Data Through Design – Panel Discussion: Everything is a Proxy

“Data Through Design – Panel Discussion: Everything is a Proxy” was a part of the Data x Design exhibition and NYC Open Data Week. It provided a platform for the audience to learn more about artists’ creative process. The event created a unique opportunity for live communication with exhibiting Data x Design artists about their design experience based on open data. The objective of this event was to encourage students to create new methods of map-making, develop a deeper understanding of life in the city and provide a wider knowledge of NYC’s open data. The event was held in the New Lab – Brooklyn Navy Yard. It was an open space where every visitor could test the functions of any interactive exhibits.

One of the sponsors of this event was Pratt Institute Spatial Analysis and Visualization Initiative. SAVI is a geographic information system-centered research and service that uses mapping, data, design, and visualization to understand and empower urban communities. They enable students to make data-driven maps and visualizations to solve real-world problems.

Let’s take a look at some of the projects:

  • NYC Trees Soundscape

The authors of the project used a combination of six data sets to create an imitation of sounds on the streets of New York. Viewers can choose a route on an interactive map using a touchscreen and listen to the audio that simulates the environmental sounds in this location.

  • Cards Against Hate

Based on the annual “NYC Reported Hate Crimes” dataset, the project presented cards demonstrating the number of actual hate crime incidents with the real stories. The main goal of the project was to bring more attention to investigation of hate crimes and bias incidents in the US. Also, the authors hope to provide deeper insight into the nature of hate crimes among different social groups.

  • Exhausted New York

To design the installation, the artist researched the air quality index and compared it to the asthma rates among New Yorkers. Based on this information, she concluded that invisible problems of air pollution is one of the biggest in NYC. The aim of Exhausted New York visualization is to demonstrate how polluted the air that we breathe is.

Data-driven events are a great way to engage students in the creative process and encourage them to apply their digital skills. All projects were based on open data sets and the participants ’own experiences. All the artists used indigenous knowledge as a background for their projects. The artists analyzed the relevant issues for NYC and found a unique solutions. They offered fresh ideas to solve urban problems such as traffic jams, train delays and long lines. Open data sets help to present a­­ccurate and relevant information in physical space through digital visualization. With each project, data become more emotional. This process displays the application of the Data-Information-Knowledge-Wisdom model by Ma Lai (Meanings of information: The assumptions and research consequences of three foundational LIS theories). The authors of the projects turn the data into up-to-date city management, optimized delivery and service routes, and efficient strategic planning.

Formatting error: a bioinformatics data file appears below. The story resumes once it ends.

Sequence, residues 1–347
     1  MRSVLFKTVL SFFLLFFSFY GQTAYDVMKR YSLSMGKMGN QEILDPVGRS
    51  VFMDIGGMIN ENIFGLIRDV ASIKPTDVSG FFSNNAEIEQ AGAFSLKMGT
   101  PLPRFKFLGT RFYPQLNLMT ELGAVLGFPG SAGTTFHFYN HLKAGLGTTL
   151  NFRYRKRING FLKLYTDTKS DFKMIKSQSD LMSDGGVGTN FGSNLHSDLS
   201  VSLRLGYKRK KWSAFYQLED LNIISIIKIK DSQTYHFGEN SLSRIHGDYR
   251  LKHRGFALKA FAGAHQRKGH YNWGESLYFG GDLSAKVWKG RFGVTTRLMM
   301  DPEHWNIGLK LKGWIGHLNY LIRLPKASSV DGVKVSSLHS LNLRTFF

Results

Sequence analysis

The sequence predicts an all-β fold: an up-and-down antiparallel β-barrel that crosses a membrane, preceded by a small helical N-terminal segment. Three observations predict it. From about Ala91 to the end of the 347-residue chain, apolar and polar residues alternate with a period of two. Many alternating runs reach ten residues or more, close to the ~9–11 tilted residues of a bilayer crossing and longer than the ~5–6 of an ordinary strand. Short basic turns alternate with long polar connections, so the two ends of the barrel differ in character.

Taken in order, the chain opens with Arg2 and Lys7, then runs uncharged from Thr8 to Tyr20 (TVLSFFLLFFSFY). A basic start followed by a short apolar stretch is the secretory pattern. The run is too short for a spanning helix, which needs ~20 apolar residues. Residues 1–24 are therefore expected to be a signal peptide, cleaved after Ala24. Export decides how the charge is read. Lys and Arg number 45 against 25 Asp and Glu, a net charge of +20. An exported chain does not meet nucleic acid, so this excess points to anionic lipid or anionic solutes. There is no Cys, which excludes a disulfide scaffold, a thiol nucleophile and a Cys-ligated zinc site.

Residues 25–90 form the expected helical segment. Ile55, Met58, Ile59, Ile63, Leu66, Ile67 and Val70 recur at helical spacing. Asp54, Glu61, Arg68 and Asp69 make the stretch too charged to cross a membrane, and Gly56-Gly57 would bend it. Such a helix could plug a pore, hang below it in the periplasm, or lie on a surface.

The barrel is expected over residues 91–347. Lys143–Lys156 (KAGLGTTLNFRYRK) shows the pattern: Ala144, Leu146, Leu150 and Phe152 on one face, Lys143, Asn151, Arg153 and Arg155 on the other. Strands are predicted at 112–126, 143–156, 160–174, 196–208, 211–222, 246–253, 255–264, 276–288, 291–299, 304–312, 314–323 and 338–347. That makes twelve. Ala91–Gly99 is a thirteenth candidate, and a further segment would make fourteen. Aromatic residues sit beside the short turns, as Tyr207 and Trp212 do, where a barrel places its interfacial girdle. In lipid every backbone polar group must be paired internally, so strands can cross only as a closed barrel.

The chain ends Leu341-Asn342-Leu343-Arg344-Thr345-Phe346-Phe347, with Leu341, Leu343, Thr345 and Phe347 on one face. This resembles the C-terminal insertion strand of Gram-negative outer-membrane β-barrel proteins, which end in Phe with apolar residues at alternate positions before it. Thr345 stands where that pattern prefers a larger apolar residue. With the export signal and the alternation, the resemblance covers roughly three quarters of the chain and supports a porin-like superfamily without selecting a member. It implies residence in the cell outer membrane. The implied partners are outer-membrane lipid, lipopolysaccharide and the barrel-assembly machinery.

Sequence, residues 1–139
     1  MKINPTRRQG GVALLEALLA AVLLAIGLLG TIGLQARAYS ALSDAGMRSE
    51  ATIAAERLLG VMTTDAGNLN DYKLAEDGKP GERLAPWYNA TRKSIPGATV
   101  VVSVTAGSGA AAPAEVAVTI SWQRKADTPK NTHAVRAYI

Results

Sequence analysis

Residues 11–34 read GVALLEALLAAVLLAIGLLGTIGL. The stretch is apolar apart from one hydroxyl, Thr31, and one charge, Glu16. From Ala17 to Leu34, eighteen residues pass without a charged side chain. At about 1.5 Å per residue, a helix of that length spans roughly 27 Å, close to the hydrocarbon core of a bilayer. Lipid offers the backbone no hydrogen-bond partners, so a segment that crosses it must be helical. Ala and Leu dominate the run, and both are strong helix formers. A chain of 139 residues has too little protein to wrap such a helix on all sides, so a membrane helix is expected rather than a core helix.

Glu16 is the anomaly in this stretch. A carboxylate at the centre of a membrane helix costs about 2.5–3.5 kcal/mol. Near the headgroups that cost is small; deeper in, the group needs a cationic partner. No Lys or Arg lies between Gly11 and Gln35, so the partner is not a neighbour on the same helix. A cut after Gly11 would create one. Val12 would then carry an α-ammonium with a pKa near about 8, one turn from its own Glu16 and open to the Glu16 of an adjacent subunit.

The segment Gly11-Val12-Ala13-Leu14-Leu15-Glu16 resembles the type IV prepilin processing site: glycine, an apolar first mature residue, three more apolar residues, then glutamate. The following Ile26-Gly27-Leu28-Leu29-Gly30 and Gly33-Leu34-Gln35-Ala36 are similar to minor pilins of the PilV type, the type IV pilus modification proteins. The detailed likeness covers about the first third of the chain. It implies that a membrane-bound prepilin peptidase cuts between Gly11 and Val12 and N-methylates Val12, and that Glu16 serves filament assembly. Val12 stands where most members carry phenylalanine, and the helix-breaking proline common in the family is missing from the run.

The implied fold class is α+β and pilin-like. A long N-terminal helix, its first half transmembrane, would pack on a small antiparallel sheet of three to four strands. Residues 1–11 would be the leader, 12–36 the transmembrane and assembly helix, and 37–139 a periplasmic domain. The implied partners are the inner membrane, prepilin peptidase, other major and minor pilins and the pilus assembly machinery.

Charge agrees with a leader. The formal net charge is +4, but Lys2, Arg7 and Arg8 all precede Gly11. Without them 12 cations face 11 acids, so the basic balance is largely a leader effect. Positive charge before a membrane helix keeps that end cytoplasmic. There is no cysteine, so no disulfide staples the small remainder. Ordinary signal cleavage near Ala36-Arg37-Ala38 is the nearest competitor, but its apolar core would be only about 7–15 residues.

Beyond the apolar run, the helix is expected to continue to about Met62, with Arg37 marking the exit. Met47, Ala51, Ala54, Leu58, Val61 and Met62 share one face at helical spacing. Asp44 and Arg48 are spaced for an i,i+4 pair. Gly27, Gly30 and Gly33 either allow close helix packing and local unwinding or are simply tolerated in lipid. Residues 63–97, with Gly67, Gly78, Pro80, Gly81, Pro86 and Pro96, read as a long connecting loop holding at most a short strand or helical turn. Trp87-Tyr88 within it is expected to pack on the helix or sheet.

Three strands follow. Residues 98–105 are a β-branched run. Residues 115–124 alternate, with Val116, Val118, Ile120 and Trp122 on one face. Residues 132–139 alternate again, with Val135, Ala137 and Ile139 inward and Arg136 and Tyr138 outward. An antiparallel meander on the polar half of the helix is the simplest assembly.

The artists analyzed statistics and data correlations in their field of study to create the projects. Research that they conducted helped them investigate the specific issues of the city from different sides and create a unique solution as a result. Digital tools and open data allow artists to be able to say what they want to say. The process of interaction between the artist and data illustrates ideas from the “Human–information interaction research and development” article by Gary Marchionini.

In the process of working on their projects, the participants encountered some difficulties. Some of the datasets were incomplete and they had to read between the lines to fill in the gaps. In addition, artists had to take into account the historical, economic, and social contexts in which they used the data.

At the last part of the event, we discussed the issue of data education for high school students. Everyone who participated in the discussion agreed that in the next 20 years the curriculum will include data handling subjects to teach children to analyze and protect data.

To create their projects, participants worked on data, analytics, mapping, design, and visualization in collaboration with different departments of various universities and sponsoring organizations. Cooperation and team work helped create an enviroment where faculty and students could share ideas across disciplines to make government services more accessible, efficient and responsive to the public needs.

Before attending the “Data Through Design – Panel Discussion: Everything is a Proxy” event, I thought that open datasets were difficult to understand and they couldn’t be applied to solving modern urban problems. After participating in the discussion, my opinion about open data changed. I realize that it is a great sourse for innovative projects that could change our environment.

More information about the event is available on the website.:

INFO 601-02 Assignment 3: Event attendance by Elena Korshakova

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